Recently I listened to a virtual talk by the author Barbara Kingsolver. Afterwards, she took questions from the audience and someone asked how she maintained hope during this time. She paused, and then with just the tiniest bit of sternness in her gentle voice, she said, “Well, hope is a duty.” She went on to say that if we love our children, if we love the generation that will come after us, we must have hope. To not have hope, she said, is like child abuse, because it robs our children and young people of something so precious, we inflict a kind of trauma on them. And then she said this:
What I love about Barbara Kingsolver’s explanation is that it understands hope to be a choice. We often talk about love being a choice, that we must choose to love people even when they aren’t particularly loveable in the moment, whether that is our spouse or our teenagers or a neighbor who has irked us. Kingsolver suggests that choosing to have and model hope is also a choice we must make each day.
In Corinthians 13, the Bible’s famous love chapter, Paul talks about faith, hope, and love enduring. No one suggests during times of crisis that we abandon love. And few would consider abandoning their faith, which we work instead to strengthen. But hope gets the short shrift. We talk about giving up hope or abandoning hope. We may choose to cultivate its opposite, a kind of cynicism. Yet Jesus showed hope for the world and its sinful inhabitants right up to the moment of his death. He asked God to forgive his persecutors. He promised everlasting life to the thief beside him. These are acts of hope for a world in the throes of deepest darkness.
So how can we as Christians make a choice to hope each day?
It’s important to make a distinction here between a passive, rose-colored-glasses kind of hope and a get-your-hands-dirty kind of hope that puts our longing for a more just world into action. I keep thinking of St. Teresa of Avila’s admonition, “Christ has no body but yours.” When I think about people who put on hope each day with their shoes, I think about the people working to serve our homeless and prison communities, people working within and alongside our institutions to end systemic racism, volunteers who are planting trees and thinning them, teachers who are working in new ways to help their students learn online, foodbanks and churches providing meals to hungry people, and our medical workers who risk their own health to fight the pandemic and heal its victims. These people are on the “front lines” so to speak of ensuring hope endures. They’re living it, sharing it, and growing it.
But I am not on these front lines, so what does it matter if I put on hope each day? I put it on for the people in my own life. I am trying to model it for my adult children, who are watching me closely. I put it on with my writing students because I believe that telling our life stories, when done with compassion, leads to forgiveness which transforms lives. And in my small way, I’m trying to put on hope for my sister. She has a mental illness which led to decades of drug addiction. At the beginning of the year she was incarcerated, but then she was paroled at the height of the pandemic. Her life is very precarious, and there is much I can’t change. But there is also a lot I can do to make her feel less alone in the world. The funny thing is every time I think I’m helping her in some small way, I end up feeling lighter, like some unseen force has lessened the pull of gravity on me.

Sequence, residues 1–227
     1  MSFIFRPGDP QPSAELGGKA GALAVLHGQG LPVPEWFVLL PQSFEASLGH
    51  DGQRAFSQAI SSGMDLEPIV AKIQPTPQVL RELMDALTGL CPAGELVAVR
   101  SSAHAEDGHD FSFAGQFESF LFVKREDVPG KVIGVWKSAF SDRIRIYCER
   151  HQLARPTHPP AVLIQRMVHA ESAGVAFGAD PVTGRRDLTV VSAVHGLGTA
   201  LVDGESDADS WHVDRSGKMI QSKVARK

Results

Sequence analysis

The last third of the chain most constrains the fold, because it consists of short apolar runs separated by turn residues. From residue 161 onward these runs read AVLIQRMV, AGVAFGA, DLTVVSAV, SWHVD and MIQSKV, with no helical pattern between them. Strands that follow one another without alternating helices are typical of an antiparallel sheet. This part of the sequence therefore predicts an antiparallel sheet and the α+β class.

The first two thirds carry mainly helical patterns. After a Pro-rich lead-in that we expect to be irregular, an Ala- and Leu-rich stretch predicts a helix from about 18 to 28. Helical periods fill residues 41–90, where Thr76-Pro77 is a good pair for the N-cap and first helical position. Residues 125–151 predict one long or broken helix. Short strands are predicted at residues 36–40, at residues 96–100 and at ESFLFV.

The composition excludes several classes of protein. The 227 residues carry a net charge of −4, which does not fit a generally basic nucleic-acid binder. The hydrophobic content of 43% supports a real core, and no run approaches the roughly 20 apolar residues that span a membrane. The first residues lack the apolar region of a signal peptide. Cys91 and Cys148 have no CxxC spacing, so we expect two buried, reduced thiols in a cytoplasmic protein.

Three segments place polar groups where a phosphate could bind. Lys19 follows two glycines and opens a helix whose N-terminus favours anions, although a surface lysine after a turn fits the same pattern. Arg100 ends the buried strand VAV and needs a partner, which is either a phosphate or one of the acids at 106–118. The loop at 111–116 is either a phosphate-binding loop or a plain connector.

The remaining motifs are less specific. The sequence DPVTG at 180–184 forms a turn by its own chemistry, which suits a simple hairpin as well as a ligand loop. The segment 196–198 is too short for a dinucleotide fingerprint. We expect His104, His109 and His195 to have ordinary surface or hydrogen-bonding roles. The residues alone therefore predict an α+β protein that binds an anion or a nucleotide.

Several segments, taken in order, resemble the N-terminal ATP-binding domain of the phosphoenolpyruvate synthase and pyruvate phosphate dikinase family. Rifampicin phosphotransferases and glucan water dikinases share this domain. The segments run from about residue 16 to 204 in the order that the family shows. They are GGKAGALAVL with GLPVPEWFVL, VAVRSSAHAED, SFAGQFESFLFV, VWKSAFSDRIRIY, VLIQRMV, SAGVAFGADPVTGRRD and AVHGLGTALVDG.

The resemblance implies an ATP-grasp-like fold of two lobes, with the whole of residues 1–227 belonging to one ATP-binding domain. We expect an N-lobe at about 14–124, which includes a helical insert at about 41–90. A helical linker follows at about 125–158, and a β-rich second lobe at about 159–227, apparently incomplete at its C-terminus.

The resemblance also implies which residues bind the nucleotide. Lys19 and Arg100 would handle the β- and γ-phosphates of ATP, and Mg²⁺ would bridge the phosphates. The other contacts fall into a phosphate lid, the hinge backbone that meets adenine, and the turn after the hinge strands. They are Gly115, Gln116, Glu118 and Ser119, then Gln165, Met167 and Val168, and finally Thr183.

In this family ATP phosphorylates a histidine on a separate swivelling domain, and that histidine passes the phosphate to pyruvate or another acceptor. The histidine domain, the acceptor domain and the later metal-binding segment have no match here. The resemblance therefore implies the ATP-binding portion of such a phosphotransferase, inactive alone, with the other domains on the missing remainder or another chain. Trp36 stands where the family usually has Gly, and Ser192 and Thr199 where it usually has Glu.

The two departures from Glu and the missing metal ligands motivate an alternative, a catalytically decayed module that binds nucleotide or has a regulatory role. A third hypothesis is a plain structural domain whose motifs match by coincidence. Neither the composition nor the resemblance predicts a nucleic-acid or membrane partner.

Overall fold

Recently Matt Christman, a fellow member of Immanuel Lutheran in Boise, shared that he planned to put his Christmas lights and decorations up early this year as a way of carrying hope into the longer, darker days of winter. I found this to be a wonderful idea, and I think the whole concept of shining light is fundamental to this idea of choosing hope. When we do the get-your-hands-dirty work of hope through activities that will create a more just and peaceful world, we shine a light in the darkness. That is hope. And when we shine our light, it encourages others to do the same, to also commit to choosing hope as they put on their shoes each morning.
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Thank you Susan.
Excellent, practical insights – thank you, Susan.
Susan, this is a brilliant piece of writing so HOPEFUL. Thank you. I needed to hear these words today. Lately I have been experiencing what I am calling “tinges of despair.” Despair, which of course is the opposite of hope, can slowly seep into one’s consciousness. I have detected some of those “tinges” in me recently as I try to navigate these next 31 days until the election, so discouraged some days on the state of our nation. Getting dressed up in hope each day is a challenging antidote to these “tinges of despair. Thank you again. I appreciate your willingness to be vulnerable with us in your personal sharing.
Thanks Susan for pulling this all together so beautifully.